The login cookie isn’t being set correctly, because the domain of the cookie
sent out by Django doesn’t match the domain in your browser. Try setting the
SESSION_COOKIE_DOMAIN setting to match your domain. For example, if
you’re going to “https://www.example.com/admin/” in your browser, set
SESSION_COOKIE_DOMAIN = 'www.example.com'.
If you’re sure your username and password are correct, make sure your user
is_staff set to True. The admin site
only allows access to users with those two fields both set to True.
ModelAdmin class provides customization hooks
that allow you to transform an object as it saved, using details from the
request. By extracting the current user from the request, and customizing the
save_model() hook, you can update an
object to reflect the user that edited it. See the documentation on
ModelAdmin methods for an example.
ModelAdmin class also provides customization
hooks that allow you to control the visibility and editability of objects in the
admin. Using the same trick of extracting the user from the request, the
has_change_permission() can be used to
control the visibility and editability of objects in the admin.
See serving the admin files in the “How to use Django with mod_wsgi” documentation.
Django won’t bother displaying the filter for a
ManyToManyField if there
are fewer than two related objects.
Inconsistent row counts may be caused by missing foreign key values or a
foreign key field incorrectly set to
null=False. If you have a record with a
ForeignKey pointing to a nonexistent object and
that foreign key is included is
list_display, the record will not be
shown in the admin changelist because the Django model is declaring an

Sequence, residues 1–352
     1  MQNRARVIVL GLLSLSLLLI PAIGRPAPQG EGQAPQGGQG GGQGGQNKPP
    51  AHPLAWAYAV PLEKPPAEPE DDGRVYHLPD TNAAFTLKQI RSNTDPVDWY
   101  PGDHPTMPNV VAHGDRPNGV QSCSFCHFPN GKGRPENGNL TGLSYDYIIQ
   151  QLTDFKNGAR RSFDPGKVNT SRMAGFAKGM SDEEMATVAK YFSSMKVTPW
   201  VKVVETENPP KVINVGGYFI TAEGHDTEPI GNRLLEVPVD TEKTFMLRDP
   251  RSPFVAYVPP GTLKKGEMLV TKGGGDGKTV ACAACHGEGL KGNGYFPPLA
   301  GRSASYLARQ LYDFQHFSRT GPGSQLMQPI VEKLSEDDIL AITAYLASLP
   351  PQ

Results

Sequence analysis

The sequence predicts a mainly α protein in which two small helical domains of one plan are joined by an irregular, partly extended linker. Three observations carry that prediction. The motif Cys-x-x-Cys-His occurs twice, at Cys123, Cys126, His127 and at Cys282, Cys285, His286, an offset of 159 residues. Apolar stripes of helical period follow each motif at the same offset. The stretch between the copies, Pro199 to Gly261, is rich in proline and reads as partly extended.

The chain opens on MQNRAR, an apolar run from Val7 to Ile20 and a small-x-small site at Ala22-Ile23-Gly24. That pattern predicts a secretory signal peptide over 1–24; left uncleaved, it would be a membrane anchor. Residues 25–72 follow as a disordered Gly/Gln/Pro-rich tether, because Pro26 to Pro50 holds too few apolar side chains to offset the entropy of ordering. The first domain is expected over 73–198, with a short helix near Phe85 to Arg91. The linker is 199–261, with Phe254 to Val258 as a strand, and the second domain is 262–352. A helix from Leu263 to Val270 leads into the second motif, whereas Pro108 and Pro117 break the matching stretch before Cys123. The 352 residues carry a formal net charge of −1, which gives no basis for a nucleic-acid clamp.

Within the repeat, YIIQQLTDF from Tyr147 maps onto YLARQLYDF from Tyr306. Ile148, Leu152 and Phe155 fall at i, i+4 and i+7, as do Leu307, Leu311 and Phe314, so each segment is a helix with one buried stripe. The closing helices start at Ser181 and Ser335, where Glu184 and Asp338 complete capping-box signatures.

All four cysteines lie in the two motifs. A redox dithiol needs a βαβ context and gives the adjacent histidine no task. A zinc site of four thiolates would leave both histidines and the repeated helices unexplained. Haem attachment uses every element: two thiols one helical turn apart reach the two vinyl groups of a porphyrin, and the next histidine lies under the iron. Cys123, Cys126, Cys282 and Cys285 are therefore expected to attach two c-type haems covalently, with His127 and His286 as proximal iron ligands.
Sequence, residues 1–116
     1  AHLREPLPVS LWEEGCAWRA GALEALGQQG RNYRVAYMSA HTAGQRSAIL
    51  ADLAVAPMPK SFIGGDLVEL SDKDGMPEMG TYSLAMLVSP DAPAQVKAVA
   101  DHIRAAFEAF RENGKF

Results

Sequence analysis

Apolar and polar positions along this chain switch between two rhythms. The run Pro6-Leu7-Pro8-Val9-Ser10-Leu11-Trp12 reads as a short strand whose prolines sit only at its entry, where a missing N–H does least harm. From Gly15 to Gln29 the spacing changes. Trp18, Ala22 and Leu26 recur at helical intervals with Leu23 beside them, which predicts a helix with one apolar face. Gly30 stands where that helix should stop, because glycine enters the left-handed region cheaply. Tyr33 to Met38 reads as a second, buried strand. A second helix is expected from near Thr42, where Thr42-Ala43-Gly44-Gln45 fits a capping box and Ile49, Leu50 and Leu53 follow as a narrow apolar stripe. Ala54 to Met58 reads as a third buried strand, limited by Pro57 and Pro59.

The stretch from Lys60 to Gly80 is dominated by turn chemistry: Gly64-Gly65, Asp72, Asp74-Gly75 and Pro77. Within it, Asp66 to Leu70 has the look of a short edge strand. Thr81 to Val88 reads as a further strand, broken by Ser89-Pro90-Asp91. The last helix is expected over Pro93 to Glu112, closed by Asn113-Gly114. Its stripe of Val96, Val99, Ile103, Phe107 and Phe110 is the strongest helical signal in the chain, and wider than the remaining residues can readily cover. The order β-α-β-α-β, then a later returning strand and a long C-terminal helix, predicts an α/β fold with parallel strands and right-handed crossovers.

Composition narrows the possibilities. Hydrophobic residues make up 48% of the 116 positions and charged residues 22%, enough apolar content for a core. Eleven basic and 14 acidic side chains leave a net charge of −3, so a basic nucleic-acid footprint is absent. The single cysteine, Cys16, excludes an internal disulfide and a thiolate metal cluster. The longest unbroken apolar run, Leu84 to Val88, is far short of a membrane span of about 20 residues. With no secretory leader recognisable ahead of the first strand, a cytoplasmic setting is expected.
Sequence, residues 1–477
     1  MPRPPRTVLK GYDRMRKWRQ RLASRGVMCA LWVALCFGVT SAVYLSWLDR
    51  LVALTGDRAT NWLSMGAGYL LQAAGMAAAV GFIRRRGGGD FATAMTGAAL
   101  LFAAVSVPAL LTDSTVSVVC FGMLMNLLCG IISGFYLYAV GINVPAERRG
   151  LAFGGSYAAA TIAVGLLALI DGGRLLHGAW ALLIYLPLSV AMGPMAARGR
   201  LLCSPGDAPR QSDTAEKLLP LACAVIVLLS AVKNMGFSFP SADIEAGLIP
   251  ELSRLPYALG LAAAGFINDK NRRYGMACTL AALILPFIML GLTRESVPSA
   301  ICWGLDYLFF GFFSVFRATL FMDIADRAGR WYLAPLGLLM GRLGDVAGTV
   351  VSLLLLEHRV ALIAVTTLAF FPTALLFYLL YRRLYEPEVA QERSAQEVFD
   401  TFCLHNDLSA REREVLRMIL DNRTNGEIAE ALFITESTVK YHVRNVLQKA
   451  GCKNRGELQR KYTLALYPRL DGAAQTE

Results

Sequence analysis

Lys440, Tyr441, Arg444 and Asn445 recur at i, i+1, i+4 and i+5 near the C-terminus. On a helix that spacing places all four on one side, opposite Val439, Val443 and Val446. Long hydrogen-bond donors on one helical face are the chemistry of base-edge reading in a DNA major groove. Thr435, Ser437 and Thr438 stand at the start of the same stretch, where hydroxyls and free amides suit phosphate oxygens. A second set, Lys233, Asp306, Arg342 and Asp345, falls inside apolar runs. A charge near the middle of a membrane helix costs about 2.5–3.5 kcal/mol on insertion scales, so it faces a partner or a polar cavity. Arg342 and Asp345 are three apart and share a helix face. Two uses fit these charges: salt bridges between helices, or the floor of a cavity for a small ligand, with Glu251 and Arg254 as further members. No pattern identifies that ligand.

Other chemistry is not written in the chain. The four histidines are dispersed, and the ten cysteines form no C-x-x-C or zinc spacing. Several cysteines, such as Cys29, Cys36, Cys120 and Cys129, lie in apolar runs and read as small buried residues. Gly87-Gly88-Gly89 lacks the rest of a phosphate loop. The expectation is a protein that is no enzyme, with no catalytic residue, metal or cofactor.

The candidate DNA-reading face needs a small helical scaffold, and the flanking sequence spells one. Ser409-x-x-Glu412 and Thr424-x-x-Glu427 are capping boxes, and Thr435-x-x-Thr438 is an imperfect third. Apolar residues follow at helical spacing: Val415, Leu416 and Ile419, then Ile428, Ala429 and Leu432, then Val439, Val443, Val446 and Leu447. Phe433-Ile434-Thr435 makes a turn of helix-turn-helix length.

integrity constraint that is not implemented at the database level.
You’ve got several options. If you want to piggyback on top of an add/change
modules to the page via the model’s class Admin js parameter. That parameter is a list of URLs, as strings,
If you want more flexibility than is feasible by tweaking the auto-generated forms, feel free to write custom views for the admin. The admin is powered by Django itself, and you can write custom views that hook into the authentication system, check permissions and do whatever else they need to do.
If you want to customize the look-and-feel of the admin interface, read the next question.
We like it, but if you don’t agree, you can modify the admin site’s presentation by editing the CSS stylesheet and/or associated image files. The site is built using semantic HTML and plenty of CSS hooks, so any changes you’d like to make should be possible by editing the stylesheet.
The admin provides a fully-functional experience to the recent versions of modern, web standards compliant browsers. On desktop this means Chrome, Edge, Firefox, Opera, Safari, and others.
On mobile and tablet devices, the admin provides a responsive experience for web standards compliant browsers. This includes the major browsers on both Android and iOS.
Depending on feature support, there may be minor stylistic differences between browsers. These are considered acceptable variations in rendering.